Gunungan (mountains) or Kayon (tree) / the Cosmic Tree or Mountain of Life is a shadow puppet shaped like a mountain and represents the world and its content. On it you will find carved and painted, mythical symbols and animals. There are two types of Gunungan; on one version you will find the tree standing with his roots in a pond of water, which sometimes contains fish (female qualities) and the other one is one with a big gate guarded by two demon giants. They are the guards of heaven and represent the forces of greed and lust. The gate itself is the gate to heaven or perhaps a gate from the world of reality into the mystical world of the ancestors and the gods. The last one is usually slightly more pointed to represent the male qualities. In the tree you find many animals or fantastic creatures are depicted: a tiger, a bison, peacocks, birds, dragons etc. Resembling concepts such as pride, arrogance, and vanity. Half way up the tree is the big face of an demon, Kala / Raksasa , symbolizing the dangers of human life.

Before the wayang shadow puppet play starts, Gunungan is plugged in the middle of the screen, leaning slightly to the right. This means that the puppet play has not yet begun, like the world that has not yet been ‘opened’. Once the play starts, Gunungan will be moved and lined up on the right. It’s function during the performance is to mark the beginning of each scene.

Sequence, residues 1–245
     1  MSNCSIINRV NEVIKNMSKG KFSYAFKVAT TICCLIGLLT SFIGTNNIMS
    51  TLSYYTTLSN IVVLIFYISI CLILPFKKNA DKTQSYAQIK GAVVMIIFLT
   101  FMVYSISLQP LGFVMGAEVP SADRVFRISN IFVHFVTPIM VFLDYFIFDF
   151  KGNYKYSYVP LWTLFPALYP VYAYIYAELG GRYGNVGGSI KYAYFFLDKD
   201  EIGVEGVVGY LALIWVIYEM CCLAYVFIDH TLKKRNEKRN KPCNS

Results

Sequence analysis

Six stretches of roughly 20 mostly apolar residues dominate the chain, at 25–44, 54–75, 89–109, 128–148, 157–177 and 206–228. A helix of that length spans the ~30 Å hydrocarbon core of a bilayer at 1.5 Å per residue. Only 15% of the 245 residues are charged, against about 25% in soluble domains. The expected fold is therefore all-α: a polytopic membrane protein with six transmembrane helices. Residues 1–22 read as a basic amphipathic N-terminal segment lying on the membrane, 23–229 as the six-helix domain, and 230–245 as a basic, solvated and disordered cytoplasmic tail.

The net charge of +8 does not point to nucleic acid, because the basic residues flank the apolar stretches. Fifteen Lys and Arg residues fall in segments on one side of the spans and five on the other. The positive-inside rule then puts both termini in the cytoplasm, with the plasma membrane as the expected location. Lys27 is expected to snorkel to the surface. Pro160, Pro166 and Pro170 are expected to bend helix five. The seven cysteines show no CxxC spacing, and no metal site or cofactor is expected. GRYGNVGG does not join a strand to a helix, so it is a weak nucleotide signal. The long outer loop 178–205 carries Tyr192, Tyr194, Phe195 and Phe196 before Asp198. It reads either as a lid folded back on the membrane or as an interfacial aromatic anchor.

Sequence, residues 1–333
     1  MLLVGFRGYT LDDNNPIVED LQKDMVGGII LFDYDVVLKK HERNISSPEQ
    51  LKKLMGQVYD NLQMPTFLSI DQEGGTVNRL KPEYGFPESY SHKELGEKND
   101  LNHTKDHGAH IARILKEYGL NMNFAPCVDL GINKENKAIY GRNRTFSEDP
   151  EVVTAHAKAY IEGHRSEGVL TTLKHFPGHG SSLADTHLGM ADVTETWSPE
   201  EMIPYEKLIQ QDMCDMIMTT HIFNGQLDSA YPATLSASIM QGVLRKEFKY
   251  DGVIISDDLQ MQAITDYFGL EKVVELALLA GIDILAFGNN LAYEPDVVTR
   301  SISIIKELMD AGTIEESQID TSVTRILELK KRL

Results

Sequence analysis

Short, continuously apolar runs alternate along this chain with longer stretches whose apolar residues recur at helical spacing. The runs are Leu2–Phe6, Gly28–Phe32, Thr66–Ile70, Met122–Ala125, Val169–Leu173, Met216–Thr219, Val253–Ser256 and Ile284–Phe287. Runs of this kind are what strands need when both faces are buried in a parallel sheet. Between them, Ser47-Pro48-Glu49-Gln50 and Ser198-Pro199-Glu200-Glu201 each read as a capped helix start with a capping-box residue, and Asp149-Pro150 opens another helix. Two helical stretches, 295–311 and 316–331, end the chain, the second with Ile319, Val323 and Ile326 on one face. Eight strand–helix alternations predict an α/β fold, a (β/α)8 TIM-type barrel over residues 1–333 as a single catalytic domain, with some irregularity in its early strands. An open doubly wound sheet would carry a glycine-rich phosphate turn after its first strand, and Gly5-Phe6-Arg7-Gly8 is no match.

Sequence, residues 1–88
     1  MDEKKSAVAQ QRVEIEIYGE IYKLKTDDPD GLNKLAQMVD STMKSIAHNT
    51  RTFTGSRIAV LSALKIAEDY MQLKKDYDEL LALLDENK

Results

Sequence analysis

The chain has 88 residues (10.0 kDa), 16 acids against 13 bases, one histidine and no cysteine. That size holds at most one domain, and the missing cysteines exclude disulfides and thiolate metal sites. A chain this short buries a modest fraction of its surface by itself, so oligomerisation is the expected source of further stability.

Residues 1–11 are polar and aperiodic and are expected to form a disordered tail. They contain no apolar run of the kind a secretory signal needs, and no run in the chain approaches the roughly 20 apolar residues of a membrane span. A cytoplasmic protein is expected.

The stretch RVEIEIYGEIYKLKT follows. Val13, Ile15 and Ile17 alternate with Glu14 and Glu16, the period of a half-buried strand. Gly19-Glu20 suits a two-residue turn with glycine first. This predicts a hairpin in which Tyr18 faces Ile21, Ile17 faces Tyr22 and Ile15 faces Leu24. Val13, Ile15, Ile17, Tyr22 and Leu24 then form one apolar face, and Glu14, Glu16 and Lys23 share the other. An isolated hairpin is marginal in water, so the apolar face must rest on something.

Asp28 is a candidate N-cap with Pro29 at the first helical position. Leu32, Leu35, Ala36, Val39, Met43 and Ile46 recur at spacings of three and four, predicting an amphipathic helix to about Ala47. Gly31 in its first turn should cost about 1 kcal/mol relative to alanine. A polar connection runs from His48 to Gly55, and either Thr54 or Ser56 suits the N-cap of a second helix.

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Besides that Gunungan is also used as a sign if there are any chances in the play, the stage or the story. Gunungan is also used to symbolize fire or wind. In this case Gunungan is reversed (flipped around) and on that side it reveals a huge demonic face with its tongue hanging out and eyes bulging. It’s consuming flames and fire. They evil energy is unleashed, it consumes and destroys. It’s energy turned negative.

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The Gunungan (the cosmic mountain or Tree of Life) has both practical and highly symbolic functions in the wayang performances. For example Gunungan can also be used to symbolize the jungle, a mountain or the ocean during some scenes of the play. In this case Gunungan can act as soil, jungles, streets and so on, following the dialogue of the puppeteer.